To accomplish the above, you need to use tail sampling instead.
Tail sampling is where the decision to sample a trace takes place by considering all or most of the spans within the trace. Honeycomb offers Refinery as a tail sampling solution to install in your environment. Because tail sampling is done by inspecting whole traces, it enables you to apply many different sampling techniques. Some of these techniques include:
http.status_codewill sample much less traffic for requests that return
200than for requests that return
Tail sampling with Refinery lets you combine all of the above techniques in arbitrary ways to create a sampling strategy that is tailored to your needs.
Tail sampling with Refinery lets you sample traces in just about any way you can imagine. How you configure tail sampling depends on your needs and the complexity of your system.
Most people tend to follow some common patterns:
http.status_codeto sample traces proportionally across all values of that key
The rules and key configuration will often have to take into account attributes that are unique to your system.
The flexibility and sophistication of tail sampling comes at a price: it is more effort to configure and requires additional infrastructure and operational overhead to run. For extremely high-volume systems, you may also need to combine head sampling and tail sampling to protect your infrastructure from huge spikes of data.
When you sample your data with our sampling techniques, each span in a trace is given a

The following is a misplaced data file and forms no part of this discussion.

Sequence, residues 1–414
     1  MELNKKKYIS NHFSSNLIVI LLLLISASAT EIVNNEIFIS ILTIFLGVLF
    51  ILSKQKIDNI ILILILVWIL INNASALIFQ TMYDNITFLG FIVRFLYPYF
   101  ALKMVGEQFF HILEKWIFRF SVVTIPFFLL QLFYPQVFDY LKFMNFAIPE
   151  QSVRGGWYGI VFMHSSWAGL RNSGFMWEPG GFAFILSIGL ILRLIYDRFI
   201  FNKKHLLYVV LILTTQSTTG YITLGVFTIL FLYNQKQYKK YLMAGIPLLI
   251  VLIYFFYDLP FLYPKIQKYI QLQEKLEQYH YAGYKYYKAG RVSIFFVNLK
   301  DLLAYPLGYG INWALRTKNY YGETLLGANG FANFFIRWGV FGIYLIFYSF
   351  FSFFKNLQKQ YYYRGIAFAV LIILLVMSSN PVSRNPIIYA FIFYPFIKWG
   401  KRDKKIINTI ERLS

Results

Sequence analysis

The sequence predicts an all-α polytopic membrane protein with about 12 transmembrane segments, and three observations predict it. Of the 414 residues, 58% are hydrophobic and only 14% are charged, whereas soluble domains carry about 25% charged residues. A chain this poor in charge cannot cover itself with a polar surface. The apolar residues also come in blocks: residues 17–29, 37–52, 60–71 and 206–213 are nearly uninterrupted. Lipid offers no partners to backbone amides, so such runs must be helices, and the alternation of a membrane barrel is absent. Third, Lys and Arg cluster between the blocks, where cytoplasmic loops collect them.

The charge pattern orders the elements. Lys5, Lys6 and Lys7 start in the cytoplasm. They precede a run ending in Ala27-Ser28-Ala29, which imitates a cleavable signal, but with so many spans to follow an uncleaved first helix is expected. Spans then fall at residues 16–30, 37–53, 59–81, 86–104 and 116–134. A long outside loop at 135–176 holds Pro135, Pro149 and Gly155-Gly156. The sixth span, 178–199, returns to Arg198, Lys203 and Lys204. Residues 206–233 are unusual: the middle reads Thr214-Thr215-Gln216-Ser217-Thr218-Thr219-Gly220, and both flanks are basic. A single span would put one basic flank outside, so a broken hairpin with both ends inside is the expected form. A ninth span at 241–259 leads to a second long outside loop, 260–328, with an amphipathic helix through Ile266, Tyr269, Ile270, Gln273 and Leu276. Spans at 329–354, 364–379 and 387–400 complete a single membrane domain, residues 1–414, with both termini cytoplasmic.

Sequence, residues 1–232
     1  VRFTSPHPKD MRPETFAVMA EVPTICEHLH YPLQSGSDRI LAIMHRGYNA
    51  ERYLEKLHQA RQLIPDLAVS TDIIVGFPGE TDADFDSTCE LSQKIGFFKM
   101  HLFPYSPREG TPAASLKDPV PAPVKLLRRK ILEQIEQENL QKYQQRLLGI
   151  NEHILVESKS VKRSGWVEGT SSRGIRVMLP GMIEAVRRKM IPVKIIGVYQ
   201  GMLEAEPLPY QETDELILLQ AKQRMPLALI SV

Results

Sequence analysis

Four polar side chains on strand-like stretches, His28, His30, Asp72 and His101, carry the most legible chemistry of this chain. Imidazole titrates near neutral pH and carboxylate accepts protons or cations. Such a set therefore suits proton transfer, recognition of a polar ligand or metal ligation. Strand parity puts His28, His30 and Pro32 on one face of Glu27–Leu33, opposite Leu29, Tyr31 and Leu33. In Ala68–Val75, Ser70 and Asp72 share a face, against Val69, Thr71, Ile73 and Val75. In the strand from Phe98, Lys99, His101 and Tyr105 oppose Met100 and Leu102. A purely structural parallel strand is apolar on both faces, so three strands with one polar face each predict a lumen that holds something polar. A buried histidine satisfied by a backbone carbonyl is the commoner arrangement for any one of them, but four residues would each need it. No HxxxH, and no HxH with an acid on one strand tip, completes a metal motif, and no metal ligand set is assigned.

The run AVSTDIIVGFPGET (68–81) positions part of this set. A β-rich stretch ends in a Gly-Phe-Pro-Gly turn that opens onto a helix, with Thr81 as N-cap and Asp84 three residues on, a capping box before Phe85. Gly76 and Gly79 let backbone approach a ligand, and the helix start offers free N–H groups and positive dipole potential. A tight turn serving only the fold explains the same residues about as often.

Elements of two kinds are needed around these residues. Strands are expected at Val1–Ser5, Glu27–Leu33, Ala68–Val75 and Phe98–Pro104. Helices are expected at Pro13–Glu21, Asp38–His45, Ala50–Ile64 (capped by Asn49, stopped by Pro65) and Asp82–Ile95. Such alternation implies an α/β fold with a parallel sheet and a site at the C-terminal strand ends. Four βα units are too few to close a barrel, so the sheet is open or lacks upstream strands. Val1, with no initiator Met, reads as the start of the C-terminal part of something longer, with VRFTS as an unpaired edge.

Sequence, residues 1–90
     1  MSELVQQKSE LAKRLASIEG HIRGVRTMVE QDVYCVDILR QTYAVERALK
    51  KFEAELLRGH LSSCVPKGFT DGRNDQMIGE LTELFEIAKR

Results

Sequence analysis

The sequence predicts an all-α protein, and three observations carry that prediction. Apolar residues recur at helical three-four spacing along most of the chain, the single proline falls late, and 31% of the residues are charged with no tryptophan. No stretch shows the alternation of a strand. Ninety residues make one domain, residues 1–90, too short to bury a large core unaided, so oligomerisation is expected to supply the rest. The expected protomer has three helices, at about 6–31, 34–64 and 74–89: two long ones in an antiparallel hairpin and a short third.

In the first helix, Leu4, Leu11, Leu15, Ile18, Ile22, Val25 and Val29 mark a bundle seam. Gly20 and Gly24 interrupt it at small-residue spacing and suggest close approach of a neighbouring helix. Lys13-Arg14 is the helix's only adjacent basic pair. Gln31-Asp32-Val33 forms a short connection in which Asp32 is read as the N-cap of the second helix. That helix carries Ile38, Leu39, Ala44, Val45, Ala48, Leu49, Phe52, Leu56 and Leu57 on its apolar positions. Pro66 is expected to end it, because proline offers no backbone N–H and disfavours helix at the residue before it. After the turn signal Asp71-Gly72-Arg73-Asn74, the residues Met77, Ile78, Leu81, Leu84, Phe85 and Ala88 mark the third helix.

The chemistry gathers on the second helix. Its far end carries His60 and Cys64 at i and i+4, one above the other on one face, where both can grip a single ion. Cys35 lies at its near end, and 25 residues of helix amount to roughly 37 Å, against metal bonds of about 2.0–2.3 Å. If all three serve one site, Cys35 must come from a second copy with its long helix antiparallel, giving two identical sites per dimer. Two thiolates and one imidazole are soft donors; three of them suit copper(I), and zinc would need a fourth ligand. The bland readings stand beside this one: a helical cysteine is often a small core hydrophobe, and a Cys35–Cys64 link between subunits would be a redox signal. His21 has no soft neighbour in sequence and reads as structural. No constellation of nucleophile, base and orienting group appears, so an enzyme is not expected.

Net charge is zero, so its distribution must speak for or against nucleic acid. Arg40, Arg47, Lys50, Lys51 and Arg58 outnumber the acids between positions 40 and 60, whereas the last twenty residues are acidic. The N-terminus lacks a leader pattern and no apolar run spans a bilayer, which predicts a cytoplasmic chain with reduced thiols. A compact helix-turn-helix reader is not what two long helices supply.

SampleRate attribute that represents
N when you only sample
This allows Honeycomb to weight counts to compensate for the fact that you are sampling your data.
Example: You are doing head sampling at a 10% sampling rate, meaning that only 10% of traces are exported to Honeycomb:
|Trace ID||Sample Rate (on each span)||duration_ms|
In this case, the
SampleRate attribute is set to
10 because you are sampling 10% of traces, or 1 in 10 traces.
Because Honeycomb has this information, it can calculate accurate values for various aggregations:
(2 * 10) = 20
((200 * 10) + (1100 * 10)) / (10 + 10) = 650
In other words, you can send less data and yet still see usefully accurate data in Honeycomb. This is true for SUM and Percentile aggregations as well.
The math done on the Honeycomb backend combined with the flexibility of setting the
SampleRate attribute means that you can use sampling techniques as simple or sophisticated as you need, and Honeycomb will do the rest provided that the sampler sets the
When you use Refinery, this is done automatically for its dynamic samplers.
COUNT_DISTINCT operator in Query Builder with care when working with sampled data.
COUNT_DISTINCT uses the HyperLogLog algorithm, which is designed to work on an entire population of data.
Therefore, it is only possible for
COUNT_DISTINCT to count items that are actually present in the data.
COUNT_DISTINCT cannot and does not compensate for sampling rate.
However, when using
COUNT_DISTINCT in a query, users can view the
average sample rate for the query.
Locate it in the metadata below the result summary table with
elapsed query time and
rows examined fields.
average sample rate displays the average sample rate across all underlying events included in the query result.
Until there’s a way to accurately count unique values in sampled sets, use
COUNT_DISTINCT with caution when working with sampled data.
Use Honeycomb’s Usage Mode to examine data without compensating for sample rates.
Sometimes, you may want to run calculations on only the sampled data with no weighting of counts. You can use the Usage Center’s Usage Mode feature to do this.